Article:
GMAT Test-Takers Can Choose Their Section Order
The Graduate Management Admission Council (GMAC) has announced an interesting change to how the GMAT will be administered: Beginning July 11, 2017, GMAT test-takers will be able to choose the order in which they take each section of the official exam. This is big news, as it presents an opportunity for GMAT takers to strategize around individual academic strengths and weaknesses. It also presents an opportunity for new sources of test anxiety. No other major standardized test that we can think of has ever offered such a choice, so only time can tell what the impact on test experience will be. That said, GMAC was testing this feature out throughout 2016 and noted that “the quality and integrity of the GMAT scores” was maintained. In other words, GMAT scores weren’t significantly affected by the change.
Note that you will not have complete control over section order. For example, you won’t be able to start the exam with Integrated Reasoning. Your three options will be:
- Analytical Writing Assessment, Integrated Reasoning, Quantitative, Verbal (original order)
- Verbal, Quantitative, Integrated Reasoning, Analytical Writing Assessment
- Quantitative, Verbal, Integrated Reasoning, Analytical Writing Assessment
How should you order your GMAT sections?
Don’t over-think this. We understand that the ability to choose the order of your GMAT sections may feel like a huge responsibility, that if only you choose the “right” section order, you’ll have a significantly higher GMAT score on the horizon. Ultimately, the vast majority of your score will still be determined by how knowledgable you are in the subject matter, how strong your GMAT test-taking skills are, and how confident you are feeling. We encourage all of you to see this new choice as a simple opportunity, rather than turning it into a source of test anxiety.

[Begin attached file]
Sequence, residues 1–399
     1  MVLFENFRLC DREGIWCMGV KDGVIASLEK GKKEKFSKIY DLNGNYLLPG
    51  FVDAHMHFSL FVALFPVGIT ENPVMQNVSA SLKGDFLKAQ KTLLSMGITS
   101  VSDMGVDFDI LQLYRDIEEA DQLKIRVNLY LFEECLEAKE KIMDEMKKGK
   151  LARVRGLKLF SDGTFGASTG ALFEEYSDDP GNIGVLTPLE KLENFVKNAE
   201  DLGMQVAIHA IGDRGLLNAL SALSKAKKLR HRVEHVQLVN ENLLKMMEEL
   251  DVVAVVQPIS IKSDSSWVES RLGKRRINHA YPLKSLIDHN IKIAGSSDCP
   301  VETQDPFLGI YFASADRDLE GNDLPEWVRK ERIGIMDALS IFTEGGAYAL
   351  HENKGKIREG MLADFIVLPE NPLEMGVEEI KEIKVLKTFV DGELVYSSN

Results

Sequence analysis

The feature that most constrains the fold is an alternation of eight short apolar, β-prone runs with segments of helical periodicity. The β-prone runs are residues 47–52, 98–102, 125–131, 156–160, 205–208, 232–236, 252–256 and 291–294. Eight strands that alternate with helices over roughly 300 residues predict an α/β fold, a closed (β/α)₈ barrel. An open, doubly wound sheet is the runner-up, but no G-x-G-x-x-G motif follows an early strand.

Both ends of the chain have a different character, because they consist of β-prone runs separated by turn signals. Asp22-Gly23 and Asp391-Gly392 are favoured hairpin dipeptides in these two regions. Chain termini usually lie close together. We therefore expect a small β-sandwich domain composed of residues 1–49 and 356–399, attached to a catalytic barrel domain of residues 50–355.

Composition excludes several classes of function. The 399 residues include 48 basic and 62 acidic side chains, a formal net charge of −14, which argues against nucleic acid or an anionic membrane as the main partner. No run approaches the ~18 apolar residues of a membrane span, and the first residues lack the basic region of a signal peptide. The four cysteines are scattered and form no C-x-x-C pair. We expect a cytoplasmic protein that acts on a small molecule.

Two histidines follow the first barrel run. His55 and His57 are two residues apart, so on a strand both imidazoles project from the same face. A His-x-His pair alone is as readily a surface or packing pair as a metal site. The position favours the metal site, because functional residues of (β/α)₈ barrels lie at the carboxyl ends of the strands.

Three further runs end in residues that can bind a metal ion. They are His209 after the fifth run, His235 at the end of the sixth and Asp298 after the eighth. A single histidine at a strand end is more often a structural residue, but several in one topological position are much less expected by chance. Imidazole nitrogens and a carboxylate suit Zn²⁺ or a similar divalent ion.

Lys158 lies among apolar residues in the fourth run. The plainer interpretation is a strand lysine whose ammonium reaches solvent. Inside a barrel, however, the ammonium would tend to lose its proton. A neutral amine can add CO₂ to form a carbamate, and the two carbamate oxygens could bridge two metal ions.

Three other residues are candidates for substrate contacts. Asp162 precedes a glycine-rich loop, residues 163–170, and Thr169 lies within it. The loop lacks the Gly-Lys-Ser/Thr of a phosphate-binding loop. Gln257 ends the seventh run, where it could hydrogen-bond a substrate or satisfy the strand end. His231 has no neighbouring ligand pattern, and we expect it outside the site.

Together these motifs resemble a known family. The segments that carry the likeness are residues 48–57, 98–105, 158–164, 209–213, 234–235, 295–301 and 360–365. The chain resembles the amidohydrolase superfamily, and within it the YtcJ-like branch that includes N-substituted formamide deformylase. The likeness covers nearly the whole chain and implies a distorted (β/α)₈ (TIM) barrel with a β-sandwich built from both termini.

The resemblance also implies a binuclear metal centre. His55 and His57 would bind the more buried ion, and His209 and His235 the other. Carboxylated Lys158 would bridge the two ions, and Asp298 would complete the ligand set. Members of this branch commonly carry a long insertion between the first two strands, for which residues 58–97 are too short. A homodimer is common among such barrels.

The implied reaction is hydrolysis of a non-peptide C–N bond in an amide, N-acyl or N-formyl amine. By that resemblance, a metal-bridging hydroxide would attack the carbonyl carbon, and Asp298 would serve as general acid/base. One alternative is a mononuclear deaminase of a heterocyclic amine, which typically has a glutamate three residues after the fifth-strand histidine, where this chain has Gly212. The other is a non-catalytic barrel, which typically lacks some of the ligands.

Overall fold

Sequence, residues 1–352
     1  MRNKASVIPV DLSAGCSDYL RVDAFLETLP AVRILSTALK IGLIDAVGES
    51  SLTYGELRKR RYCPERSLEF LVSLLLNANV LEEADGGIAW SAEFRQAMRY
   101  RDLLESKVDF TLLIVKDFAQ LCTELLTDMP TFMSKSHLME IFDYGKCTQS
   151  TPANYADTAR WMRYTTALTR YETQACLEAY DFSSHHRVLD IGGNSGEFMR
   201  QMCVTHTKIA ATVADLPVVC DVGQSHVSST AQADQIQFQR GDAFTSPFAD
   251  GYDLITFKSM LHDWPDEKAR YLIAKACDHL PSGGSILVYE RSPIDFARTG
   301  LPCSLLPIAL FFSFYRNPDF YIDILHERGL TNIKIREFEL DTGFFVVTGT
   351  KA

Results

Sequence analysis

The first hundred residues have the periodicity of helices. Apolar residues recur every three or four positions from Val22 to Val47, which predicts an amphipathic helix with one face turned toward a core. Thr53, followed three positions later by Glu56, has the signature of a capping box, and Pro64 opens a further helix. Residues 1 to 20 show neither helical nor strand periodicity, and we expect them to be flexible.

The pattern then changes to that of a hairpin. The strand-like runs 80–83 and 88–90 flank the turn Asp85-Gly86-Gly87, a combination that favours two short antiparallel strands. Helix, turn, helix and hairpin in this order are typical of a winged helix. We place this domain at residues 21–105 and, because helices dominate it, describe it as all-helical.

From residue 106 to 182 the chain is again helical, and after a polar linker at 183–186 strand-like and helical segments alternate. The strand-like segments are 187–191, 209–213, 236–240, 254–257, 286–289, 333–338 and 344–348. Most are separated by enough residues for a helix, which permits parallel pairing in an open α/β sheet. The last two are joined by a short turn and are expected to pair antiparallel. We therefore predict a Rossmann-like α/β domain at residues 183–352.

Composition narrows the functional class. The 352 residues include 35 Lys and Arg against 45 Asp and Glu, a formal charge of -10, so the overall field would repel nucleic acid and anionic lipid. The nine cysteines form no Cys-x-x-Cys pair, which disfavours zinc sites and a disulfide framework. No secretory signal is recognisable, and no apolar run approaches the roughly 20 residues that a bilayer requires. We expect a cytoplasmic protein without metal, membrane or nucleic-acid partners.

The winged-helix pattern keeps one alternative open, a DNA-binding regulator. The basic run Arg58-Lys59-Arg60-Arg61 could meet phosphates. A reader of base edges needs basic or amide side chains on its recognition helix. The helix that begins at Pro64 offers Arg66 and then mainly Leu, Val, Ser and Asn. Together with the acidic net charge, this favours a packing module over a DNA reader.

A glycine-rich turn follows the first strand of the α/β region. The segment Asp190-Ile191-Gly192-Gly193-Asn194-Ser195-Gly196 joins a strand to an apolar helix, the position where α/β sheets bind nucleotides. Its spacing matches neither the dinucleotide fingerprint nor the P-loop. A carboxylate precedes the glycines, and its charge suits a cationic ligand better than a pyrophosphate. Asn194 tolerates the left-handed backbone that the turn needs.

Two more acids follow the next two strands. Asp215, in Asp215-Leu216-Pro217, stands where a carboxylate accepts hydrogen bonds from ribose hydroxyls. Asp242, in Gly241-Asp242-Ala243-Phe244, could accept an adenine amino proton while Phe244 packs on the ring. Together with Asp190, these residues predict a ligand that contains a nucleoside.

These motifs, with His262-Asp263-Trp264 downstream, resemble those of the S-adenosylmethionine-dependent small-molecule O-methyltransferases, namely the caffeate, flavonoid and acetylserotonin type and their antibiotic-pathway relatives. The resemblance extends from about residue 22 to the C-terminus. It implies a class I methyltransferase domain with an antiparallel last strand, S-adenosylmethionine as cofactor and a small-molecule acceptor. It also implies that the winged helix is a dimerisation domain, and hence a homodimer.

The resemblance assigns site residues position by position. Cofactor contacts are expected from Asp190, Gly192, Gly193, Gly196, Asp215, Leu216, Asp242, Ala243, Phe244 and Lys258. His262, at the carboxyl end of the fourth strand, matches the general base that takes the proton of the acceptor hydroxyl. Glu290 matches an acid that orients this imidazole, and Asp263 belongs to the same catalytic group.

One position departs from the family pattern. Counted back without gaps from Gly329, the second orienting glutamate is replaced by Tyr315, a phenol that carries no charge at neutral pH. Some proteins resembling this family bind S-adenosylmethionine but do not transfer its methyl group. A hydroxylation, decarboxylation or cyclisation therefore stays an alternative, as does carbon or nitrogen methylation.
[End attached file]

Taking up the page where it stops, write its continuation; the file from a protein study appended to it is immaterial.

So, what strategy should you use in ordering your GMAT sections? Our head tutor Isaac has some general advice with one notable exception:
General advice: Start with either Quant or Verbal and end with IR/AWA
For most of you, the decision is simple: Start your official GMAT with either Quant or Verbal, depending on which subject is your strongest—whatever section causes your brain the least amount of strain should generally be the first section you tackle on your official GMAT. Doing so will preserve your mental energy for the toughest portion of the test, and it will also allow you to head into your tougher section with confidence after an assumably successful first section. Your IR and AWA scores definitely matter, but not in the same league as Quant and Verbal, so most of you will appreciate being able to save them for last, when your brain is already tired.
You can semi-invert this strategy by keeping IR and AWA last but starting with your weakest section if you don’t struggle significantly with test anxiety and think you will do best by utilizing your full mental energy for your weakest section. Make sure that you only use this strategy if, through practice, you notice that you still have enough mental energy to do well in your stronger section after going full throttle against section 1.
Exception: If you have significant test anxiety but don’t get fatigued by AWA and IR
It isn’t necessarily common, but some of our students struggle with serious test anxiety to the extent that it can take 30-60 minutes to really get into the groove of the GMAT. If this is your situation, starting off with Quant or Verbal probably sounds like a nightmare, and you’re right to think so. If you need to use IR and AWA as a warm-up that helps you shake off test anxiety, then run with what works for you and stick with the GMAT’s original order.
Optimizing your GMAT prep and GMAT test date
It is, of course, most fruitful to practice any section order that you’re considering using on your official GMAT in advance, as test day is not the time to experiment. That said, even GMAC doesn’t appear to have updated their official practice tests yet. We’re working with our developers to allow all of you who use our program to choose your section order. In the meantime, as hard as it may be, remember that choosing section order should not significantly impact your score. If your official GMAT is coming up before July 11 and you’re wondering whether you should reschedule to take advantage of the new section ordering options, our advice is:
- If you’ve been practicing in the traditional order for a while and are hitting your target GMAT score in your practice tests, why risk it? Stick with what is working.
- If the idea of choosing your test order causes you anxiety, then definitely do not reschedule. Stick with your planned GMAT date.
- If your admissions deadlines leave enough room for a later GMAT date, you don’t get anxiety from the perceived responsibility of choosing your section order, and you haven’t been hitting your target GMAT score by practicing in the current section order, sure, go ahead and reschedule if you’d like to.
Just remember, the way to hit your target GMAT score is by being prepared to answer the questions themselves with accuracy and speed (which, as many of you know, the Economist GMAT Tutor program strongly prepares you for). Focus on this above all.
This post appeared first on the Economist GMAT Tutor blog.